Don’t Pack It In When It Comes to Packaging

Don’t Pack It In When It Comes to Packaging


How many times have you wondered what a manufacturer was thinking when it designed its product packaging? If you are like other resellers, you have likely been frustrated by retail packaging that does not clearly inform customers, takes up too much (or too little) shelf space, or does not effectively deter shoplifters. It is during these moments that the importance of channel-friendly packaging and branding becomes evident.

In the old days, tiny memory cards were sold in difficult to open plastic cases that measured 15×10-inches to deter theft. But, times have changed. Now, if a product does not strike the delicate balance of addressing the needs of both you and your customers while at the same time being environmentally friendly, it will not be successful in the channel and might end up hurting the brand in the long run.

Communication is key
As a photo channel reseller, it is partially your responsibility to act as a resource for your customers. More often than not, customers will enter your store (or visit your Web site) with questions they need answered before making a purchase, and need your help identifying the best products for their particular purpose. As a result, it’s crucial that you and your staff are able to identify the appropriate products and their intended uses. While it is not necessary to have the technical specifications memorized for each product (although the important specs should be clearly communicated on the packaging), you need to be able to quickly spot the products that customers need and explain why they need them.

The effects of poor packaging can be far-reaching. While you may know what a product is designed to do, your customers may not. For example, they may bypass the tripod they need because they aren’t sure if it’s for a digital SLR or an HD video camera. They might pass up the right flash because they don’t know if it will work with their particular camera model and don’t feel like scanning the box to figure it out.

The end result is that the customers do not buy the product, and you miss out on a sale. One may argue that they will find something else to buy, and the reseller will still generate revenue, but that may not always be the case. We’ve all been in a situation where we’ve been in a rush to purchase something, could not find what we needed and left the store to go somewhere else. It’s a situation that both manufacturers and resellers want to avoid!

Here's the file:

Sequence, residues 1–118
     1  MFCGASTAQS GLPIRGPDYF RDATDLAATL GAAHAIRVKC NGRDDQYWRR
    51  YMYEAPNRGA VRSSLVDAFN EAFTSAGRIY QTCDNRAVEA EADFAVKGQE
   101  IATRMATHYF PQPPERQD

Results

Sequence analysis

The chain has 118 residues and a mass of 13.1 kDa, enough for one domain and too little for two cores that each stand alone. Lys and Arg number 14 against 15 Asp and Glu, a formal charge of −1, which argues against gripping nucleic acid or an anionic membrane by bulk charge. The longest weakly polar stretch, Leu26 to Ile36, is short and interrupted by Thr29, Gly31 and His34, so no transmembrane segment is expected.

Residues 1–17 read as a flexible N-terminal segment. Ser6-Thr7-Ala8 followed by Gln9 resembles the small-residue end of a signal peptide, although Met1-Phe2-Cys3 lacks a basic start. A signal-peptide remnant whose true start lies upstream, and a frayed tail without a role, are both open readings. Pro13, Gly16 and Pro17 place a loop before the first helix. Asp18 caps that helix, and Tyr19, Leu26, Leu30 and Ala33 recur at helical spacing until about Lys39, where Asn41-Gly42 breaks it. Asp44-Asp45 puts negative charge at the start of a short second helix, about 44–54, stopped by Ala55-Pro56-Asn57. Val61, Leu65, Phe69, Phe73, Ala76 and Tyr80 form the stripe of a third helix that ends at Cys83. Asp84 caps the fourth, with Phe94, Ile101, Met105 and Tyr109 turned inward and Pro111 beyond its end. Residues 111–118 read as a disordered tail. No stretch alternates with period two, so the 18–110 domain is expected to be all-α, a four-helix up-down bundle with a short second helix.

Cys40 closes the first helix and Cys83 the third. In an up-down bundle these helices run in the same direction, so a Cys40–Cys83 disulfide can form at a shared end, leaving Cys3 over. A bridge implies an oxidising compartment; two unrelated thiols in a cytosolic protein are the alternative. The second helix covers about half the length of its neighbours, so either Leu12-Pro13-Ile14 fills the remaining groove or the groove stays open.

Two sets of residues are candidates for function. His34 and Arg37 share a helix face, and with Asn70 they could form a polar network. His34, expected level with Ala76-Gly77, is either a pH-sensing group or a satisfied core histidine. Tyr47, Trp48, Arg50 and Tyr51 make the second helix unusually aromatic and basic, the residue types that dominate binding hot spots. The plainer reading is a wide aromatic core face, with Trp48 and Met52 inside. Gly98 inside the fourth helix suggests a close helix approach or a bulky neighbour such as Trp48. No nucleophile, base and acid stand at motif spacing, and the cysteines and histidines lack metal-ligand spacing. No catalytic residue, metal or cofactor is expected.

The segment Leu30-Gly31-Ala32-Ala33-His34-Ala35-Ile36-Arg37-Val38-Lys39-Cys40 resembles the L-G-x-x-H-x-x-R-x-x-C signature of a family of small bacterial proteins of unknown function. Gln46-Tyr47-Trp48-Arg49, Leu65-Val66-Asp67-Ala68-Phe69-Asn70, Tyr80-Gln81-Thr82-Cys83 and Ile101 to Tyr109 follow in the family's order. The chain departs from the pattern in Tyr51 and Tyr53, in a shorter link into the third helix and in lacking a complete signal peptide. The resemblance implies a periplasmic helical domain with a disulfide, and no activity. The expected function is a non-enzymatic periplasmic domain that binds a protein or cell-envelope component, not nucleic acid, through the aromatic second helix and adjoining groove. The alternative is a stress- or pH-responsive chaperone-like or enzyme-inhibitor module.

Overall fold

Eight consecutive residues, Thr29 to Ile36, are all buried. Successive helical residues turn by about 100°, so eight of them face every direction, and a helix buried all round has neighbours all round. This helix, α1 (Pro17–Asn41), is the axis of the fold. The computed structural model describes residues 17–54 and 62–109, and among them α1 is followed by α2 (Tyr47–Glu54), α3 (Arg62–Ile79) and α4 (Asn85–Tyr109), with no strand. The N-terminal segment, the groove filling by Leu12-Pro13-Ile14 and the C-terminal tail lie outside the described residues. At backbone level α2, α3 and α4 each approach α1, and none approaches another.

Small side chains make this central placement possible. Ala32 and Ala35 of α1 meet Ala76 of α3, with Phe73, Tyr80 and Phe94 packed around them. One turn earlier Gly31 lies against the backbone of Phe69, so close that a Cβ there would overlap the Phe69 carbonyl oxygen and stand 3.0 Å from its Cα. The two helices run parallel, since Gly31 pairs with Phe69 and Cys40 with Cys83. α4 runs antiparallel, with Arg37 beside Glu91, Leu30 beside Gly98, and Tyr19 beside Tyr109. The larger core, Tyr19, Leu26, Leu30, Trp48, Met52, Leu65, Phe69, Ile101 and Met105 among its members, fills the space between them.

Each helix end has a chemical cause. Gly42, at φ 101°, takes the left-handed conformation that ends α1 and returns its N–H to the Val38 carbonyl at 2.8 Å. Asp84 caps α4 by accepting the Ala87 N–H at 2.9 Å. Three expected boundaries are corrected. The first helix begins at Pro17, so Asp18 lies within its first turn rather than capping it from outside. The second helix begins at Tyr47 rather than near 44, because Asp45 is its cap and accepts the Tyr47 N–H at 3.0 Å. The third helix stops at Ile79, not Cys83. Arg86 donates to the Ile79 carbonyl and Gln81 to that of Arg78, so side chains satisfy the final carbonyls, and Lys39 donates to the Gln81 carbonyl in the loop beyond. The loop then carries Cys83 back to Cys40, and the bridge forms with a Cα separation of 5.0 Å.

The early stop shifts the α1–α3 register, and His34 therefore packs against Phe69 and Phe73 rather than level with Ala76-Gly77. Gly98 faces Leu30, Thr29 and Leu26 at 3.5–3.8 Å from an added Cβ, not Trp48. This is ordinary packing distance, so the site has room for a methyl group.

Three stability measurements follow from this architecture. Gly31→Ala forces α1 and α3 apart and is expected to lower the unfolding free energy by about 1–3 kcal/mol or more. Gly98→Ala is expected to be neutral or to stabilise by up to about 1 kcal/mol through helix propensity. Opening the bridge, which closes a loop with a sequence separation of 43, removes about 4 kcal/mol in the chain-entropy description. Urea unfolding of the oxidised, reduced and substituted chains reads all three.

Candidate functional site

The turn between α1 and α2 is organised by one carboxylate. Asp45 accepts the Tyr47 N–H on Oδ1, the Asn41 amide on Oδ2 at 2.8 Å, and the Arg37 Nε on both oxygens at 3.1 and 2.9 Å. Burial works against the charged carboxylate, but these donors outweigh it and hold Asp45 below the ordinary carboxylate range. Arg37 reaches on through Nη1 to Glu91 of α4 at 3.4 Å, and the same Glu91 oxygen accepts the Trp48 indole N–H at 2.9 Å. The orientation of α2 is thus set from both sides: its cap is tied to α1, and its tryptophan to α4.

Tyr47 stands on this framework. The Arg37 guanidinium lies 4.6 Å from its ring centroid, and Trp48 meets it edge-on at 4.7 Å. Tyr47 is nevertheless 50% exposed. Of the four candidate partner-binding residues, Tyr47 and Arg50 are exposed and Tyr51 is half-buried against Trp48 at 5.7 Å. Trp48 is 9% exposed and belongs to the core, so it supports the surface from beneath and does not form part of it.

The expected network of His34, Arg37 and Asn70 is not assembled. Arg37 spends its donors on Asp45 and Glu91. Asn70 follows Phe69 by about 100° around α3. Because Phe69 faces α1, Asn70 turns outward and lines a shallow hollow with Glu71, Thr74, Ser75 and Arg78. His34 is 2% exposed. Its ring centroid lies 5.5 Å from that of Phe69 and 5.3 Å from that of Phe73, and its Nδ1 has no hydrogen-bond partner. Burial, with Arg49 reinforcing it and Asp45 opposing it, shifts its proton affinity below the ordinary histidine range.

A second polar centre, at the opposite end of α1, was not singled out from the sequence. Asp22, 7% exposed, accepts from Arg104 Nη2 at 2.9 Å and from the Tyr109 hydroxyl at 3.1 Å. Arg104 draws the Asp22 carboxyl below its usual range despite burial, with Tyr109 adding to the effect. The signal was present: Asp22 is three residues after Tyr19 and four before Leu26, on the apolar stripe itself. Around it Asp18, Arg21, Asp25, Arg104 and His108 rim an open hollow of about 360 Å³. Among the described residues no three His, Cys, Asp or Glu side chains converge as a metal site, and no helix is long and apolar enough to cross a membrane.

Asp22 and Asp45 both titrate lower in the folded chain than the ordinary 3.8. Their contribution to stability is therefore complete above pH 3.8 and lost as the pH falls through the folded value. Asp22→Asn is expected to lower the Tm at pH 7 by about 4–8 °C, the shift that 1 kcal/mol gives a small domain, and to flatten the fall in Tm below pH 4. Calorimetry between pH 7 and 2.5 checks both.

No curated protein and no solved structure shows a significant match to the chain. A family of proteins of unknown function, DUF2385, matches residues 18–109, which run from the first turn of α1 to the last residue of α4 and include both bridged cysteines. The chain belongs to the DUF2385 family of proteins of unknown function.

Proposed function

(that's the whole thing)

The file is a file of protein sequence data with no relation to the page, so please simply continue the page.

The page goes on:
On the flipside, the impact of effective product packaging can be far-reaching, as well. If customers know they can come into your store and easily find what they need, when they need it, they’re likely to return. To take it a step further, if you and your staff understand and can convey the function of products, customers will know they can speak with you when they have questions, and will look to you as a resource for future questions and recommendations.

Is bigger better?

As consumer groups are calling for manufacturers to use less and less packaging, and many manufacturers are taking steps to reduce solid packaging waste, it’s important to know that a key component of retail packaging design is focused on limiting “shrinkage.” Additionally, it is important to remember that it is very difficult to include appropriate product messaging on small packages, especially if those messages are translated into numerous languages.

In addition to clearly communicating its key messages, product packaging must be bulky enough to keep shoplifters from slipping it into their pants or backpack and walking out of the store. Theft, or “shrink,” is a major concern for all retailers, and one of the best ways to curb shoplifting is to deter would-be thieves from considering it in the first place.

To aid resellers, product manufacturers make packaging that would be cumbersome to steal. This includes adding some heft to the packaging and making the product hard to open (now you have an explanation for when customers complain about plastic packages being almost impossible to open).

Product packaging sizes are also dictated by the dozens, and sometimes hundreds, of resellers that need to fit the products onto their shelves. Some products sit on a shelf, some sit under glass, some hang from a peg. The products with the most versatile packages make it easy for resellers to find a spot for them.

What can you do?
Given the multiple criteria that product packages must meet to be effective, you will always find examples of “channel-unfriendly” packaging. You may think you’re doomed to live with packaging that’s hard to understand, easy to steal and does nothing for your bottom line…but you’re wrong!

Speak up! Mention your thoughts to your sales reps. Share complaints from your customers or show them how much of their product has “grown legs” and walked out of the store. Good reps will relay your thoughts onto their marketing teams, who will appreciate and consider the feedback you provide. As their reseller, you have a direct connection with their customer so don’t be afraid to make your voice heard.

Jeff Cable is the Director of Marketing at Lexar.